In June 1986, furnace #6 was ready to be fired up again. Carol Dina organized a big ceremony to celebrate his workers’ outstanding accomplishment at the CSG’s cafeteria. Each of my father’s three managers, who had kept their distance during the repairs, received fat envelopes stuffed with 100 lei bills. When my father’s name was called, and Carol Dina handed him a thin envelope, my father didn’t even open it. He looked the First Secretary in the eye, tore the envelope in half, threw it on the floor, and walked out. On his trail, people whispered that the man was crazy and was surely going to get in trouble for disrespecting the bosses. He didn’t.
“I felt insulted,” my father said.
He went back to work and years passed. I moved on from the blue-eyed crush to a dark-eyed one in my class. The green nursery outside our apartment building was replaced with a cemetery.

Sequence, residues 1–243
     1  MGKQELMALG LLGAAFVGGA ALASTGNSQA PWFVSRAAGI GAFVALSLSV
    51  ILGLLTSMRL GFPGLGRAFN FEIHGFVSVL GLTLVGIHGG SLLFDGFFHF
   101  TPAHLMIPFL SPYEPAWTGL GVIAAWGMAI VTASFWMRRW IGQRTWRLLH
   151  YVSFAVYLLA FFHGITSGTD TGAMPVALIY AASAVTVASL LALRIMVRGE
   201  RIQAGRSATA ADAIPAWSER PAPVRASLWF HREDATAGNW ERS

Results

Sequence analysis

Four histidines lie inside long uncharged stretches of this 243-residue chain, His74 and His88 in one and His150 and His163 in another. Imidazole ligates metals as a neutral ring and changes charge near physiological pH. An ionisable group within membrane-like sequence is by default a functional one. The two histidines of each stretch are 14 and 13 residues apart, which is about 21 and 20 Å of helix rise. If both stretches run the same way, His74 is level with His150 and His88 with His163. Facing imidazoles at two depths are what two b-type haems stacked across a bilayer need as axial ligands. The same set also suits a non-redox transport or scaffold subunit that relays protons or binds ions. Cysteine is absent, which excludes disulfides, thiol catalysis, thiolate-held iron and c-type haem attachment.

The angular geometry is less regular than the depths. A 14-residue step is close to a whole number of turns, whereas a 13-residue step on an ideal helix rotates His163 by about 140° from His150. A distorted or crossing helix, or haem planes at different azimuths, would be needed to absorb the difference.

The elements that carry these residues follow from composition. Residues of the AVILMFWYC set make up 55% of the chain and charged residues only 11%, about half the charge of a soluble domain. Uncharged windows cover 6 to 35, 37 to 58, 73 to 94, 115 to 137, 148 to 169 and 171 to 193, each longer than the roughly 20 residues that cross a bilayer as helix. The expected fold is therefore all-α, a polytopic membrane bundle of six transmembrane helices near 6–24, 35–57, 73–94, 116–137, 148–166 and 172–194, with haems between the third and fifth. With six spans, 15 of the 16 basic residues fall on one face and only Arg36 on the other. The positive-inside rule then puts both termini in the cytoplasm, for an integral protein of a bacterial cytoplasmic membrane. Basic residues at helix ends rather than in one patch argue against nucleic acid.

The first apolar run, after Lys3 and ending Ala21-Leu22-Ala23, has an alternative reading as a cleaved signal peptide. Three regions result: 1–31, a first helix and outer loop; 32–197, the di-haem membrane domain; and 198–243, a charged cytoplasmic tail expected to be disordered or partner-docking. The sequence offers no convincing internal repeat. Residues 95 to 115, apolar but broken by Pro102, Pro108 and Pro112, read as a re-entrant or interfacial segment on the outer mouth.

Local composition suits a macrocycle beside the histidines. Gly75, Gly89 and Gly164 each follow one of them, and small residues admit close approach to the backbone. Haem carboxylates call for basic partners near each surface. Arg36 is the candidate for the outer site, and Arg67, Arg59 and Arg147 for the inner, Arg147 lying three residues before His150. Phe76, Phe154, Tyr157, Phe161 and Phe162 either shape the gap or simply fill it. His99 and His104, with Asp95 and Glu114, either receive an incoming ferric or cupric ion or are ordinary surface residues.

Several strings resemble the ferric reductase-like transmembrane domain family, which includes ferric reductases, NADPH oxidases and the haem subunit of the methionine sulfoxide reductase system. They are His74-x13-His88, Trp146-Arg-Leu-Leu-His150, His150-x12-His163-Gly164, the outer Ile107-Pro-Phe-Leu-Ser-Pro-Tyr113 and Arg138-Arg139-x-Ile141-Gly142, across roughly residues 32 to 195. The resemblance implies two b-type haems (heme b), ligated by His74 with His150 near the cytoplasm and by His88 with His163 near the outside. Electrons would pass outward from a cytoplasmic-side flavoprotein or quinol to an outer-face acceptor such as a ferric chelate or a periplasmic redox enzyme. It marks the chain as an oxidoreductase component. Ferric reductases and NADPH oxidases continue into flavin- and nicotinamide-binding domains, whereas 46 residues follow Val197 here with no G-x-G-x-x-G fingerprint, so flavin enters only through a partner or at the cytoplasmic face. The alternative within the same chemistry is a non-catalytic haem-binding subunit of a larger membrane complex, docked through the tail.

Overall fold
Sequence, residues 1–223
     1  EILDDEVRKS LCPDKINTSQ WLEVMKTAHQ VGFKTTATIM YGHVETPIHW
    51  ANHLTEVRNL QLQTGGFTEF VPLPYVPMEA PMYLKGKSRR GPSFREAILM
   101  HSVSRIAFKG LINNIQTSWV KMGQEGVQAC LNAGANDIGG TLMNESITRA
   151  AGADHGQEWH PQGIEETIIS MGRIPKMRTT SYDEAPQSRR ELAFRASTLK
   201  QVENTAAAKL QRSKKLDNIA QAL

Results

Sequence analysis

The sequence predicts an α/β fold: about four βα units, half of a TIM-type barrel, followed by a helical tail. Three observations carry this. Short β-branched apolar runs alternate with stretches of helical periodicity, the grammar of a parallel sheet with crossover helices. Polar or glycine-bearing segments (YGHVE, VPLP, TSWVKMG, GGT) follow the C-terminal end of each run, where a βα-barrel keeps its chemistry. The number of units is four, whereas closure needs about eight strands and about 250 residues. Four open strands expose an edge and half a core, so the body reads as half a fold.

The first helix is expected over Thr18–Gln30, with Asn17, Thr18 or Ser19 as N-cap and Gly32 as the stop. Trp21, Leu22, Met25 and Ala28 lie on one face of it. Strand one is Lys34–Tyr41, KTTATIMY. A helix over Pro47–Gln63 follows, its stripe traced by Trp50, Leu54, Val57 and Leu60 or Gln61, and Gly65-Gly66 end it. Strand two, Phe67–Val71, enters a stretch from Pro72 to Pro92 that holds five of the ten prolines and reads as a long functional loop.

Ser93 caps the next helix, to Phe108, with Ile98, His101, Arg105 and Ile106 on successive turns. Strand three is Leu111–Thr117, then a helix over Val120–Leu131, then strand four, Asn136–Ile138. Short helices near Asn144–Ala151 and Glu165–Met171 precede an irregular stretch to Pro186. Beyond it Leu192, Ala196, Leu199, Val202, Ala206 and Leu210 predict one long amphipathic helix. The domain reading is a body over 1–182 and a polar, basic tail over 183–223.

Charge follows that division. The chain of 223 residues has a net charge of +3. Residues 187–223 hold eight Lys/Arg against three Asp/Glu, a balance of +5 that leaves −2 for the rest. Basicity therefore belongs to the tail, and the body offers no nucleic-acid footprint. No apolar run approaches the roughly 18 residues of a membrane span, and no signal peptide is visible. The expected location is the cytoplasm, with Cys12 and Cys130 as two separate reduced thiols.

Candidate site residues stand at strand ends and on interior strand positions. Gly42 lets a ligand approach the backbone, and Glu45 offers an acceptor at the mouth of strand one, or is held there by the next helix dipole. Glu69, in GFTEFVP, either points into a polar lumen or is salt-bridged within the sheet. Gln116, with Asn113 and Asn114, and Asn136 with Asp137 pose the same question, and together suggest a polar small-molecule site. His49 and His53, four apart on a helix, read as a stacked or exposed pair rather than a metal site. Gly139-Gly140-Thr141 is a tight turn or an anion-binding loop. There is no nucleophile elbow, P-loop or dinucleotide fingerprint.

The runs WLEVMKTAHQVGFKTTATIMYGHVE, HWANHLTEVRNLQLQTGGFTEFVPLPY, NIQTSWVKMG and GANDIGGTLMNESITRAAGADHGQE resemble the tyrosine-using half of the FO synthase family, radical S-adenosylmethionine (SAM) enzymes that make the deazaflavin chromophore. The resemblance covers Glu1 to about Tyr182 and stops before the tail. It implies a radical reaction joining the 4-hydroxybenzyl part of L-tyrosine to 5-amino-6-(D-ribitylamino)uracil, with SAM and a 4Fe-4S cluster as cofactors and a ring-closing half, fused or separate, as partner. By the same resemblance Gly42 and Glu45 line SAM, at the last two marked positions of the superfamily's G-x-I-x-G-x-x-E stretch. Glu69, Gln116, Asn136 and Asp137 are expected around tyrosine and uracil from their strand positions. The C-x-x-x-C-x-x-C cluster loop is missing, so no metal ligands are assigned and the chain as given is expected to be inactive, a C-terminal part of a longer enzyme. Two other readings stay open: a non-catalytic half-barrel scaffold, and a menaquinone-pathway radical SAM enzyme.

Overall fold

“Were you happy at work?” I said.
“I liked being outside,” he said, “rather than wear the same white shirt for a whole week and not get its collar dirty.”
“I don’t know much about your work there,” I said. “Tell me about it.”
And he did. We talked for hours. I took notes. His eyes gleamed. In the process, I moved past my disdain for that polluting behemoth that had been outside my window all my childhood, and began to realize what an amazing machinery it was. My father explained to me the different stages of turning ore into steel plates of varying thickness and elasticity. He also told me about his people at the rolling mills, how he knew every single one of them, how he knew their children’s names and how, when they had a hard time at home, he would listen to them, and help them if he could. He told me how, during those six months in 1986, he would wake up in the middle of the night and go check on his nightshift workers, then come back home to get one more hour of sleep.